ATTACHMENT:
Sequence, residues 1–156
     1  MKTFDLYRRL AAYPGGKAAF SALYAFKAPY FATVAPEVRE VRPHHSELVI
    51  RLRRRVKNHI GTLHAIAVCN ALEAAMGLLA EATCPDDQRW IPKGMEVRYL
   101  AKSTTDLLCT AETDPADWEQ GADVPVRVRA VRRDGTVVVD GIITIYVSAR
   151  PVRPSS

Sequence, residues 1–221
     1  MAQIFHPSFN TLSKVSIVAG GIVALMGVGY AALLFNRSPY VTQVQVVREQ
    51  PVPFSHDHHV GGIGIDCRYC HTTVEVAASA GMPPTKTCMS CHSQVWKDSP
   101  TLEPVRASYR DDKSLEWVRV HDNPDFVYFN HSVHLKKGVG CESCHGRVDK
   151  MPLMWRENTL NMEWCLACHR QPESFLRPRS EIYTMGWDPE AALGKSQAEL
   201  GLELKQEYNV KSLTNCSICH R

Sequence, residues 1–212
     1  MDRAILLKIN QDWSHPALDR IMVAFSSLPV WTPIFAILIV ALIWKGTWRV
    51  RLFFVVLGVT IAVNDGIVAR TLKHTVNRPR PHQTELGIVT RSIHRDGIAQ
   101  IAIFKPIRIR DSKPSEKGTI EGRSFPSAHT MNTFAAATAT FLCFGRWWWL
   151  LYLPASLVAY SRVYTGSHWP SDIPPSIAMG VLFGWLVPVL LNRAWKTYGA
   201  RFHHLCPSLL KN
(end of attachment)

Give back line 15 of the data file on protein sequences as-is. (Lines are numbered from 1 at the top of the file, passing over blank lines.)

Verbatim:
   101  IAIFKPIRIR DSKPSEKGTI EGRSFPSAHT MNTFAAATAT FLCFGRWWWL